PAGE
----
Euroflyer will operate as a lower-cost subsidiary under the BA brand. Initially, flights will be operated by BA until the carrier secures its own air operators certificate from UK authorities. Euroflyer will launch with three Airbus aircraft in March, and grow to 18 by the end of May.
Play Goes to Boston and Baltimore in First U.S. Routes
Icelandic startup Play has chosen its first U.S. destinations: Baltimore-Washington and Boston with flights set to launch on April 20 and May 11, respectively. The carrier, which got its U.S. Transportation Department permit in October, expects to reveal a third North American destination early next year, although it has not determined if that will be in Canada or the U.S.
“Covid is a huge opportunity for startups,” Play CEO Birgir Jonsson said. “In fact, I think it’s a perfect opportunity for this business model,” he added. The carrier plans to focus squarely on the price-sensitive leisure market and keep its fleet to narrowbodies, namely the Airbus A320neo and A321neo. Jonsson sees huge potential in low-cost demand to Europe, especially next summer after two years of lockdowns and travel restrictions.
This marks a change from now-defunct Icelandic low-cost carrier, Wow, where many of Play’s executives — including Jonsson — worked. Wow branched out into Airbus A330s and started flying to the U.S. West Coast, Israel, and India. This is not in Play’s plans, Jonsson said. “Wow grew too big,” he said. “When you have that kind of size, you are pressed into flying to destinations to feed other parts of your hub-and-spoke system, and then you have drop prices and fly below costs.”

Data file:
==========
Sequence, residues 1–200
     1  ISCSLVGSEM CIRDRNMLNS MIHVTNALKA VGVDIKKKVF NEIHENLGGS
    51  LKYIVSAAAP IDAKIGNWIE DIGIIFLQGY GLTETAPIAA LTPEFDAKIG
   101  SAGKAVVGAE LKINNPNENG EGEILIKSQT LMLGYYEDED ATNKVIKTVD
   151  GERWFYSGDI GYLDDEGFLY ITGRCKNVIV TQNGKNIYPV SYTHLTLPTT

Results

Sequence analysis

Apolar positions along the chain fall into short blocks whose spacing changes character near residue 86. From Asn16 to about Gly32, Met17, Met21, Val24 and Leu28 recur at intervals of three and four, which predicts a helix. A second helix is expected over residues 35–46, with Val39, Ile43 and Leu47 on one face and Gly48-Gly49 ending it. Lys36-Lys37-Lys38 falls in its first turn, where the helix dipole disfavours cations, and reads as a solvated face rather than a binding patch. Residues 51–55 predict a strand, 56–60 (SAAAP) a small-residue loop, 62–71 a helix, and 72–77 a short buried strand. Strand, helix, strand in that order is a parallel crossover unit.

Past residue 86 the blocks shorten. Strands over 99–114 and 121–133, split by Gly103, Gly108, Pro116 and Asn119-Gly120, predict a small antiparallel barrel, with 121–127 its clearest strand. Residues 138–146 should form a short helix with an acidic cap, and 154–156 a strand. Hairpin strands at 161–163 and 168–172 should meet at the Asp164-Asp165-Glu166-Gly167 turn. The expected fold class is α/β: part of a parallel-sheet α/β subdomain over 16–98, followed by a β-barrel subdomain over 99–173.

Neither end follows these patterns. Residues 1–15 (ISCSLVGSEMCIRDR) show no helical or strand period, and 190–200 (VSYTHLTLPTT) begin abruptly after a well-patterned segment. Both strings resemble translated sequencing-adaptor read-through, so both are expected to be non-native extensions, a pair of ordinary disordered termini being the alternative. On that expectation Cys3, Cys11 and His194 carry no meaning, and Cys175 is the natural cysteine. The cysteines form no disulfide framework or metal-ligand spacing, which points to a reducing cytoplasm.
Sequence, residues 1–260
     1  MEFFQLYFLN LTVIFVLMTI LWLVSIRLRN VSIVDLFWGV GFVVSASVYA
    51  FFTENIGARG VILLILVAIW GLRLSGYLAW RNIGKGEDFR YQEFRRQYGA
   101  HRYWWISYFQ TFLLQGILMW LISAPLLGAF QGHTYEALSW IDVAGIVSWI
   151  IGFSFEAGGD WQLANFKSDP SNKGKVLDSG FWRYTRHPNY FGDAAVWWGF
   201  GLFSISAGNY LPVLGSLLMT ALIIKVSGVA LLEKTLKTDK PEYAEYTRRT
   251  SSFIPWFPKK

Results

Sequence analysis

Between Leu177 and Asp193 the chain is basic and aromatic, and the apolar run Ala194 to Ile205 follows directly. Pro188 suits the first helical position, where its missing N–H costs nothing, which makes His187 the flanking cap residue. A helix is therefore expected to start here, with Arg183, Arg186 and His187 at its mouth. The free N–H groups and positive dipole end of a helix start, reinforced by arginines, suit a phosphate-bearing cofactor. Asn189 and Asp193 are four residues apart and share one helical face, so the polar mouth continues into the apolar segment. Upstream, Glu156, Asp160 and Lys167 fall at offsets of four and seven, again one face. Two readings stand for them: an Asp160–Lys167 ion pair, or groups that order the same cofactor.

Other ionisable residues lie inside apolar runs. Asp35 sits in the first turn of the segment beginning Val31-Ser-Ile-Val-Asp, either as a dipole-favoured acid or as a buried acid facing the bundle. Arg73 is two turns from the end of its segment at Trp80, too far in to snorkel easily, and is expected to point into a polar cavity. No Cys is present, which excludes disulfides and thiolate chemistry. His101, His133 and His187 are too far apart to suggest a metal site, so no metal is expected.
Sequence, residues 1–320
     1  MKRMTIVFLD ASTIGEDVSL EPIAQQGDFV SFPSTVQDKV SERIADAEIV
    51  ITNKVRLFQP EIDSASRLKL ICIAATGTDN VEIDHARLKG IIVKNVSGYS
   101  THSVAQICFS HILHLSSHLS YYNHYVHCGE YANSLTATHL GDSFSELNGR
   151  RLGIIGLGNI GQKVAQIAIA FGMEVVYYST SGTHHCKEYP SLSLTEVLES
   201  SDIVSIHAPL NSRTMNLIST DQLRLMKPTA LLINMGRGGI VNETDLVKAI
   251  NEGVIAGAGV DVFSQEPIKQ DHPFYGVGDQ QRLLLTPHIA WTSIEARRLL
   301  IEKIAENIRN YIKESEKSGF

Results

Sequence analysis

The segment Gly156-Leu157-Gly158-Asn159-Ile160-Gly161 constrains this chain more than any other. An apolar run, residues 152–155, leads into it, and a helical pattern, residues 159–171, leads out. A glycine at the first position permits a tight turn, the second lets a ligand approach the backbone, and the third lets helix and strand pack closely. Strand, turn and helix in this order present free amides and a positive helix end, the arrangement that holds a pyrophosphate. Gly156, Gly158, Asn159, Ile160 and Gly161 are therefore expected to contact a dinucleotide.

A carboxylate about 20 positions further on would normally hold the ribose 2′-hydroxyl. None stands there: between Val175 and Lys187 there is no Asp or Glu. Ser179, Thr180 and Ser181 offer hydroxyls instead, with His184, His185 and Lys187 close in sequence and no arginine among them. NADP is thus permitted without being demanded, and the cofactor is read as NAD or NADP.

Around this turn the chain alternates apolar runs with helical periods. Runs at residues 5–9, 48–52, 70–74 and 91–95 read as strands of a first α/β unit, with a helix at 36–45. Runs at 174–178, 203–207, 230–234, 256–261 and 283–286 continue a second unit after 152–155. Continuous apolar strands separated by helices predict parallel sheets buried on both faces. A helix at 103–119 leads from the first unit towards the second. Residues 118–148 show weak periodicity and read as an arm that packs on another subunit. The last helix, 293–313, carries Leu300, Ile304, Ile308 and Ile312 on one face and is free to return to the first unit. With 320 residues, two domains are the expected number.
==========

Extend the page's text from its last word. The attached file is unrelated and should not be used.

Other low-cost, long-haul carriers, like French Bee and its fleet of Airbus A350s and Norse Atlantic‘s planned North America flights on Boeing 787s, may struggle to fill their aircraft. Widebodies limit the destinations a startup can serve profitably, Jonsson said. “That’s a tough market, I would say,” he said.
Play now flies three A321neos on routes around Europe, and by next spring will add three A320neos. The A321neos will then be pressed into transatlantic service. By the end of 2025, Jonsson said Play will have a fleet of 15 aircraft: nine A320neos and six A321neos. The additional A321neos will allow Play to open further East Coast and Canadian destinations, although Jonsson declined to offer details on what cities are in the airline’s sights.
Reykjavik will function as a hub for Play, with passengers from Baltimore and Boston funneled through the airport to flights to up to 22 European destinations. The carrier’s route network is a mix of European point-to-point flights, with the U.S. flights expected to be a blend of connecting passengers and passengers who originate or end their journeys in Iceland. “We do not have to rely on any one source [of passengers],” Jonsson said. “The flexibility of the business model is perfect for this type of uncertainty.”
Jonsson is not concerned about the masses of new capacity airlines are planning to add to the North Atlantic market next summer. Play’s value proposition are low fares and easy connections to Europe. And he believes there is a niche for that around the margins of the larger carriers’ capacity. “It doesn’t matter how big Play or even Icelandair get,” he said. “We will only ever be tiny players in the market.”